The health risk information presented here is summarized from Shoreland Travax®, a decision-support tool used by health care providers to perform a detailed health risk analysis based on specific locations, individual travel styles, and traveler risk behaviors. Travax provides practitioners current, independently researched malaria risk and prevention recommendations in a map-based format that goes beyond the annual WHO and US CDC statements included here. Not included here are current reports from Travax of disease outbreaks or environmental events that may pose elevated risks to travelers’ health and safety. The Providers section of this site offers a directory of health care providers who utilize Shoreland Travax for travel health counseling. Learn more about the detailed reports and maps available from these practitioners (includes links to samples).
Botswana is a developing nation classified as upper middle income. Located in southern Africa (north of South Africa and east of Namibia), the climate is classified as predominantly dry (semi arid).
See also: Library article for Yellow Fever
Although yellow fever does not occur in Botswana, an official yellow fever vaccination certificate may be required depending on your itinerary.
- Requirement: A certificate proving yellow fever vaccination is required for travelers aged ≥ 1 year coming from countries with risk of YF transmission. This also applies to all airport transit stops (no exit through immigration checkpoint) in risk countries.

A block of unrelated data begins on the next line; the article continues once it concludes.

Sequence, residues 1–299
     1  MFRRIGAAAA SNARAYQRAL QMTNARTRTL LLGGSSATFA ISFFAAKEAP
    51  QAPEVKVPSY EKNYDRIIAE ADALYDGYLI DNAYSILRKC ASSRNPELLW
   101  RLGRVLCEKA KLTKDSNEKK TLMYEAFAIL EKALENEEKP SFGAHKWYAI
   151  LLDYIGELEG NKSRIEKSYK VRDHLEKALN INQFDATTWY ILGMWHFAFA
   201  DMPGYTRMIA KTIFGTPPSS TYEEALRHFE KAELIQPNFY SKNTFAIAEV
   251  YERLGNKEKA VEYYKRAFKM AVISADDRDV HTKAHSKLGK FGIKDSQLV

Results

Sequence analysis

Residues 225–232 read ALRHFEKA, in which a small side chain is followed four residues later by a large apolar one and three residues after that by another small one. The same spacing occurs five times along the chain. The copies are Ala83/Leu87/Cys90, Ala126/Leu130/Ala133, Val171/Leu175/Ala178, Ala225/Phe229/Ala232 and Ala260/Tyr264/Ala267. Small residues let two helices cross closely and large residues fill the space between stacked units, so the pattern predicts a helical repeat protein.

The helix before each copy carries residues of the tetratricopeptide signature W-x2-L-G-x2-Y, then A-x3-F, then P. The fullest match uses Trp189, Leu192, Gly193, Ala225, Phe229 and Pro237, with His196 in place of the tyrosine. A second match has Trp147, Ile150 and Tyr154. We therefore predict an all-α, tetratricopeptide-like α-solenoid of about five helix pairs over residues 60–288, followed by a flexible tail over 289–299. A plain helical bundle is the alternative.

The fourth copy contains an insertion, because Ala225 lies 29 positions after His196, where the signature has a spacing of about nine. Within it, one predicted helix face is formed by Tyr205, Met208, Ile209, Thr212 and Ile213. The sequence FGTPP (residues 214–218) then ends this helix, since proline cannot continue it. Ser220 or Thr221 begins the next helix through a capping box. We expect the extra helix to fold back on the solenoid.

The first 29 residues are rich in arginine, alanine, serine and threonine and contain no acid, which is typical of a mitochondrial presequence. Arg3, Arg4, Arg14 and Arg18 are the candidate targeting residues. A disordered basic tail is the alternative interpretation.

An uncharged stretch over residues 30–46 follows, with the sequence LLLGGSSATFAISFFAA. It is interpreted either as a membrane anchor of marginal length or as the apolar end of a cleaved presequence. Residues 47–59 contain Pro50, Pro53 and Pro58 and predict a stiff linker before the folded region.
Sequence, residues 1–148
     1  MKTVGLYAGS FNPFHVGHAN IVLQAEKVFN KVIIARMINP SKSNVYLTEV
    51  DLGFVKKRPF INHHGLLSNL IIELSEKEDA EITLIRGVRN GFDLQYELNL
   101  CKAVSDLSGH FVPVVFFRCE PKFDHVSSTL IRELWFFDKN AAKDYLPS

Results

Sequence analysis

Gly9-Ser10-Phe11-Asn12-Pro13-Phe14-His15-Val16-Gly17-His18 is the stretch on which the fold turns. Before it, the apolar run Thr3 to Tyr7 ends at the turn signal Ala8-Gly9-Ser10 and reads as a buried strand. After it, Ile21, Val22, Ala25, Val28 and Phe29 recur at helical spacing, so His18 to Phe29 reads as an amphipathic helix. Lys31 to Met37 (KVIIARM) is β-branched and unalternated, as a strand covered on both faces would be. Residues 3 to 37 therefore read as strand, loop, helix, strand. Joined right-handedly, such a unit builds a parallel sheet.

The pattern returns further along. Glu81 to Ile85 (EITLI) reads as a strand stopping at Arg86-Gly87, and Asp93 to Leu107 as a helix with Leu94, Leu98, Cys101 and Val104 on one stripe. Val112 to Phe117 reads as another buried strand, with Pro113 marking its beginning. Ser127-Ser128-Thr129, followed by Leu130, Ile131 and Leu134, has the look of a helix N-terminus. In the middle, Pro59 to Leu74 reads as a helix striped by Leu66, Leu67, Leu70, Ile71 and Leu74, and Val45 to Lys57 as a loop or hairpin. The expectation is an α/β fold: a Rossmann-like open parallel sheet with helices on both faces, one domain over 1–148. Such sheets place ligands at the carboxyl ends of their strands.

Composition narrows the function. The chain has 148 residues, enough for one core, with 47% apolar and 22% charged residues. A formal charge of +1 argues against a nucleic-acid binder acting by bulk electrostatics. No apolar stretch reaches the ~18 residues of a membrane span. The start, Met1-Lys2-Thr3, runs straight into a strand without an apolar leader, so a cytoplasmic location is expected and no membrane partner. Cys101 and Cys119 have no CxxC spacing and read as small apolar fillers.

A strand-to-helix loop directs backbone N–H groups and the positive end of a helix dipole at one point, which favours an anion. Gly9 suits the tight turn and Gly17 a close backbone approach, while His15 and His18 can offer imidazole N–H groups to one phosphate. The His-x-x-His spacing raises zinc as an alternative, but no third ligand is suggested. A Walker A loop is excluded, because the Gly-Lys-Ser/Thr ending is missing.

Depending on your itinerary, your personal risk factors, and the length of your visit, your health care provider may offer you vaccination against COVID-19, hepatitis A, hepatitis B, influenza, measles, mumps, rubella, rabies, typhoid fever, or a one time polio booster if you haven't previously received one for travel. Routine immunizations, such as those that prevent tetanus/diphtheria or "childhood" diseases, should be reviewed and updated as needed.
See also: Library article for Malaria
The following is current information as reported by the World Health Organization (WHO) and the US Centers for Disease Control (CDC):
WHO—International Travel and Health (current online update, Country List)(2018) Malaria risk due predominantly to P. falciparum exists from November through May/June in the northern parts of the country: Bobirwa, Boteti, Chobe, Ngamiland, Okavango and Tutume districts/subdistricts.
- Recommended prevention in risk areas: C – Risk of P. falciparum malaria, in combination with reported chloroquine and sulfadoxine–pyrimethamine resistance. Mosquito bite prevention plus atovaquone–proguanil or doxycycline or mefloquine chemoprophylaxis (select according to reported side effects and contraindications) a
aAlternatively, for travel to rural areas with low risk of malaria infection, mosquito bite prevention can be combined with stand–by emergency treatment (SBET).
WHO Country List footnote: When available, the date of the most recent update or confirmation is indicated in parentheses in the country list. If no date is indicated, the most recent update or confirmation was provided before 2013.
CDC—Health Information for International Travel (current online edition)Areas with malaria: Present in the following subdistricts: Botete, Chobe (including Chobe National Park), Ngami, Okavango, and Tuteme. Also present in the following districts: Bobirwa, Northeast (including Francistown), Ghanzi, Mahalapaye, and Serowe Palapye. Rare cases in the districts of Kgalagadi North, Keneng West, and Southern. None in the city of Gaborone (see Map 2-04).
- Drug resistance3 : Chloroquine.
- Malaria species: P. falciparum 90%, P. vivax 5%, P. ovale 5%.
- Recommended chemoprophylaxis: Subdistricts of Botete, Chobe (including Chobe National Park), Ngami, Okavango, and Tuteme and districts or Bobirwa, Northeast (including Francistown), Ghanzi, Mahalapaye, and Serowe Palapye: Atovaquone-proguanil, doxycycline, mefloquine, or tafenoquine.4 Areas with rare cases: None (practice mosquito avoidance).